Under Gov. Brown, Fewer Vetoes
But the parole board's recommendation is not the final word. California is one of just three states where governors can block parole decisions. And while previous California governors routinely vetoed parole for lifers, Gov. Brown is allowing 80 percent of parole recommendation grants to move forward.
Brown describes his approach toward making these parole decisions in simple terms: "to follow the law and evaluate very carefully each case, which I do every week." As for the difference between his rejection rate and those of previous governors, Brown says, "I don't know what they did and whether they read the record or whether they looked at the law." And, he points out, the law has changed.
He's referring to the 2008 decision by the California Supreme Court that ruled that parole denials could not be based on the viciousness of a crime alone. Instead, the justices said, there must also be evidence that an inmate is still a threat.
The case involved Sandra Davis Lawrence, who fatally shot and killed a woman during a jealous rage. The parole board recommended her release four times, but it was reversed by three different governors. The state Supreme Court cited "overwhelming" evidence that Lawrence was rehabilitated and therefore no longer dangerous.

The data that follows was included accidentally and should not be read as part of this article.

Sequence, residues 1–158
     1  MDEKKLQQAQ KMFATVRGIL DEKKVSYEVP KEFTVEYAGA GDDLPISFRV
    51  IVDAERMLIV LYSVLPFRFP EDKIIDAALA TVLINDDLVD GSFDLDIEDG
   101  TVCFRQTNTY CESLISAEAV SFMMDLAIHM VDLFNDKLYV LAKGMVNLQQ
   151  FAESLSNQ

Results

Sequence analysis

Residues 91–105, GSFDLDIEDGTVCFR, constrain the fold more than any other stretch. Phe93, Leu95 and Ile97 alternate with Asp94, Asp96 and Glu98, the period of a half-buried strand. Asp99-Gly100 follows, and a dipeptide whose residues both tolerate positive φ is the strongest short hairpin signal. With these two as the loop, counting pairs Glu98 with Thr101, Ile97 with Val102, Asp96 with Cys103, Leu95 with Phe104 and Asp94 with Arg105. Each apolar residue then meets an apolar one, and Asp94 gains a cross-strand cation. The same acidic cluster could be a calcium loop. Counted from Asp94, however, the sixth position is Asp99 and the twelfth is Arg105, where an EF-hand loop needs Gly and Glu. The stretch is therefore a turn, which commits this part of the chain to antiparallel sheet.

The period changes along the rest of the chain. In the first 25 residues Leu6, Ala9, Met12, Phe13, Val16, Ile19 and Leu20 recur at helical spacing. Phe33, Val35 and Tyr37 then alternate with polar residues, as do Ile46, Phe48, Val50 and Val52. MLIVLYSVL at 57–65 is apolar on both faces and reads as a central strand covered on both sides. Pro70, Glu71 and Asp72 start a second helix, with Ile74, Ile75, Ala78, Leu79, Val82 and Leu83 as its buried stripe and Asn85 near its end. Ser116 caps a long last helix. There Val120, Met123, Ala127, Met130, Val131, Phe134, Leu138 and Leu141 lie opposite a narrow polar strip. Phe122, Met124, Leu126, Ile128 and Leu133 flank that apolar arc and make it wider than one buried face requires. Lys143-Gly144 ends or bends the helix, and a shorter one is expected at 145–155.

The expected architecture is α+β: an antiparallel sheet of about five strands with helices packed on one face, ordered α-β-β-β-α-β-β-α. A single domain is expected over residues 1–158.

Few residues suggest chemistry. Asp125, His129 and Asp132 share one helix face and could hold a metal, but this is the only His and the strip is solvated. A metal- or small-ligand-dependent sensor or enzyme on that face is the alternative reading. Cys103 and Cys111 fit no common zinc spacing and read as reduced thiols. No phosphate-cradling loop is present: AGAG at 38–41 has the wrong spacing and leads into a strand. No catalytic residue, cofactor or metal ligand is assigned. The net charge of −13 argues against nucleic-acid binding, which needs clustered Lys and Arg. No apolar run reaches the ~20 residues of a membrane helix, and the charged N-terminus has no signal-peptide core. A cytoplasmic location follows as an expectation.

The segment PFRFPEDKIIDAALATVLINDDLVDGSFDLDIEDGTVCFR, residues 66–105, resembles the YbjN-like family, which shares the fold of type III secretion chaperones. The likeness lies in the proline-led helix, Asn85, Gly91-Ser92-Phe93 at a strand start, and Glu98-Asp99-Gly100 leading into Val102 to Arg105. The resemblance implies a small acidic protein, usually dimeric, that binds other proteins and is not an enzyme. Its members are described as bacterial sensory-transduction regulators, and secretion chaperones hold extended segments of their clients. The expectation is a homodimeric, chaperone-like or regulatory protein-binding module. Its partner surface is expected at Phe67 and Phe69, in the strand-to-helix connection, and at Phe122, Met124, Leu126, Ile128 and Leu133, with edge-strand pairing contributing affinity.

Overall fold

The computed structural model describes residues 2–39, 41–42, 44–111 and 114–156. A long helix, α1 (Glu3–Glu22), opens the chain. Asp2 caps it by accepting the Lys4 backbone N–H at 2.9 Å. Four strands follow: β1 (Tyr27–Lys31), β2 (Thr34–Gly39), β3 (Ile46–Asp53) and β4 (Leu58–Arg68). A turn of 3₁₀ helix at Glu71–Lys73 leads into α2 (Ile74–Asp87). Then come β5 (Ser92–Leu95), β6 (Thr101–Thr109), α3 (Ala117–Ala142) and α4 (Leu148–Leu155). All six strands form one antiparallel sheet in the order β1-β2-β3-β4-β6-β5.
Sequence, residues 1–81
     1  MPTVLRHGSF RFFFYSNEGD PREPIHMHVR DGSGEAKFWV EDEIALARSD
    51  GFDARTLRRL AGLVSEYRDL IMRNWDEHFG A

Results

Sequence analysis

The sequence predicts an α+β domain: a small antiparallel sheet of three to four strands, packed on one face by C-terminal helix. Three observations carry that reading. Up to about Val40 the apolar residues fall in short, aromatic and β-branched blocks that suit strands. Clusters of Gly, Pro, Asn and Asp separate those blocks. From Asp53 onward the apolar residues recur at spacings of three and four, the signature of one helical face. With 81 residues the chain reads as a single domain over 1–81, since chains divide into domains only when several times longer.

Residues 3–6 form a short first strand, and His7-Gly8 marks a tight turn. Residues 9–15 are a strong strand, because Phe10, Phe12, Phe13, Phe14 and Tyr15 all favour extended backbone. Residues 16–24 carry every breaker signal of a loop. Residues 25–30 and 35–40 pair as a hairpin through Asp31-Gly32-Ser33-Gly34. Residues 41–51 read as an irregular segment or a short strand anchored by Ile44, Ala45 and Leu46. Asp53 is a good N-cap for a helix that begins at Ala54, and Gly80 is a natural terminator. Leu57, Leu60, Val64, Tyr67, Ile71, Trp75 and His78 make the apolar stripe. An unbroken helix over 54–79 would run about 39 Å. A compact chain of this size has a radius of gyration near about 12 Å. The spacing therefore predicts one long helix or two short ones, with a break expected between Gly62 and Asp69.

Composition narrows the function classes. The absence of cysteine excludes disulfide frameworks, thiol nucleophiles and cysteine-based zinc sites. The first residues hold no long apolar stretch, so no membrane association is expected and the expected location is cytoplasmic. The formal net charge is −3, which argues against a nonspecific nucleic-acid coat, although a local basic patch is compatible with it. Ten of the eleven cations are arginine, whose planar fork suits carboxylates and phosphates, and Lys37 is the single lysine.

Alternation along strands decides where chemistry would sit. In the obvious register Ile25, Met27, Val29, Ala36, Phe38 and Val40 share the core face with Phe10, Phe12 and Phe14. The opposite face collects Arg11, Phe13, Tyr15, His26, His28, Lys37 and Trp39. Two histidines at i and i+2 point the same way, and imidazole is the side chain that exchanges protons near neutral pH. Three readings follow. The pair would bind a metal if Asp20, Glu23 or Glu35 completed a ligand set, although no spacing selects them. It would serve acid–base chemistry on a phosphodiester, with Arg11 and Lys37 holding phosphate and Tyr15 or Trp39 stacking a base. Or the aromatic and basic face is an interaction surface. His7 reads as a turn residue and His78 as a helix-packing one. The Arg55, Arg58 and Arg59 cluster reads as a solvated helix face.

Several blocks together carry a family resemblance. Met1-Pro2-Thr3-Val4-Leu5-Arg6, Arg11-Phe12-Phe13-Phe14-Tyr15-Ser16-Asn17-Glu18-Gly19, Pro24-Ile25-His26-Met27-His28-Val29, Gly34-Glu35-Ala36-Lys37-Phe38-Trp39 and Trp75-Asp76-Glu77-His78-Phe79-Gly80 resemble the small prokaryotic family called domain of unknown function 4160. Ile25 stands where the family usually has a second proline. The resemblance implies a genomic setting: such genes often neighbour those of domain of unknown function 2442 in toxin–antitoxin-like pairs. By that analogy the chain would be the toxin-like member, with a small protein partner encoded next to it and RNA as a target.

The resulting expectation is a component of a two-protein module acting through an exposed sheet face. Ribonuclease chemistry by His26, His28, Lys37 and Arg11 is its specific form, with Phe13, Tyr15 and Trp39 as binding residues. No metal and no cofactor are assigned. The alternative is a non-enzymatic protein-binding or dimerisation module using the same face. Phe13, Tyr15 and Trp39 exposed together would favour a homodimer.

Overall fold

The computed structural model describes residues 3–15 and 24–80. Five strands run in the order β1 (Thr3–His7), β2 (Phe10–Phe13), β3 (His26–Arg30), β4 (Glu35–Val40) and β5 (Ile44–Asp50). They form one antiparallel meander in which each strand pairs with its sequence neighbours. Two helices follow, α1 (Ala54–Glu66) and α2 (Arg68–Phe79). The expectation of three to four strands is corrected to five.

Jennifer Shaffer, executive director of the State Board of Parole Hearings, says that decision changed everything. "As you can imagine, if their crime alone could keep them from being paroled forever then that was really not life with the possibility of parole. So there had to be something else," she explains.
Since that decision, more than 1,800 lifers have been released — more than twice the number paroled in the previous two decades combined.
'An Experiment With Public Safety'
Not everyone is happy about the trend. Christine Ward, the executive director of the Crime Victims Action Alliance, calls the new policy an experiment with public safety.
"It really is like playing Russian roulette," Ward says. "We just hope that that one time bomb doesn't go off and create that really serious, heinous crime that will leave not only that family devastated but the entire state devastated. We've seen it before."
Even the possibility of parole can be painful. At a recent rally for crime victims' families in Sacramento, Susan Hamlin spoke about the upset caused by having to attend a parole hearing for someone who victimized her family: "The dread of this hearing and fear of his possible release set in a full year prior to the hearing," Hamlin said.